In a global study I recently conducted on overwhelm at work that surveyed 730 full-time working professionals, I examined various personal factors (not the volume of work itself), and lack of help-seeking was tied as one of the top two predictors of feeling overwhelmed at work, with the second highest correlation to overwhelm. Those who don’t ask for help scored 23% higher on overwhelm.

In my work as an executive coach, I’ve seen people refrain from asking for help typically due to limiting beliefs or assumptions around what they fear might happen if they asked a colleague for help. Some of the more common limiting beliefs include:

  • I’ll look weak or incompetent
  • I’ll be imposing on others or seem needy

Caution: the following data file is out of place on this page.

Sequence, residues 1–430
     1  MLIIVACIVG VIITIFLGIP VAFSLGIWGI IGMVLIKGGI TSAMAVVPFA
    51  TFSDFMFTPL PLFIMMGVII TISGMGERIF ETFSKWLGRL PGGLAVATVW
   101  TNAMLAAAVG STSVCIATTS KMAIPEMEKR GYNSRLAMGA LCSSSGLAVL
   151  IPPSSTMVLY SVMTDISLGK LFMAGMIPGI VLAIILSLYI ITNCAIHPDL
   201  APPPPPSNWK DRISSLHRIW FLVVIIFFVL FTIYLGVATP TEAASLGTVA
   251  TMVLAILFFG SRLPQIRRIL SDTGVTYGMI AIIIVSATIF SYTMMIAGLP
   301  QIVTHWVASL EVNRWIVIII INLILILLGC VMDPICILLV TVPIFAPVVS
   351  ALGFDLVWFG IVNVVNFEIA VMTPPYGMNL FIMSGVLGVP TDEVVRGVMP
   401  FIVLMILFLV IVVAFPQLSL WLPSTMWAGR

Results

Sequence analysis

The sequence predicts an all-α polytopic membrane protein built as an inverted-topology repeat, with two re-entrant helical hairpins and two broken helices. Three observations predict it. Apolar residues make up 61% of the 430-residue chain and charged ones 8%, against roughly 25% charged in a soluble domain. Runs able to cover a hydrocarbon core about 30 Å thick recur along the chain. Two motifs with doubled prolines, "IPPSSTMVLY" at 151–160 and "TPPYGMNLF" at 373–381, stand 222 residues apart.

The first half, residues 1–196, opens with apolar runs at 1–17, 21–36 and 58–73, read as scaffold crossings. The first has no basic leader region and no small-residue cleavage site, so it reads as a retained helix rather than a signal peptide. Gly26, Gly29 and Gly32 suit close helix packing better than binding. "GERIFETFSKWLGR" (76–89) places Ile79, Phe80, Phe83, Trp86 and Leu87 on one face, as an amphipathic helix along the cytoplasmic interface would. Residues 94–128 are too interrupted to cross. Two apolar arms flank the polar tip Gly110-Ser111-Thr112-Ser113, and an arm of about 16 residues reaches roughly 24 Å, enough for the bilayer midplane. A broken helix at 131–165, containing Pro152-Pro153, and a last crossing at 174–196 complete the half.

• Others will lose confidence in me
  • I can’t count on anyone, so I need to do everything myself

Part of feeling overwhelmed is feeling alone in our challenges, which is more likely to happen when we don’t ask for help. Deborah Grayson Riegel, executive coach and coauthor of Go to Help: 31 Strategies to Offer, Ask for, and Accept Help shared that when we hold the above limiting beliefs, “We are likely to feel reluctant, embarrassed, alone, ashamed, etc. As a result of those feelings, the behaviors that show up look like resistance, withdrawing, isolating, overperforming, etc.”

When these limiting assumptions cause you to go it alone instead of reaching out for help when you’re drowning in work, it requires dismantling or “unlearning” these old beliefs that no longer serve you. This is the hard part of change — and frankly, why I have a job as a coach.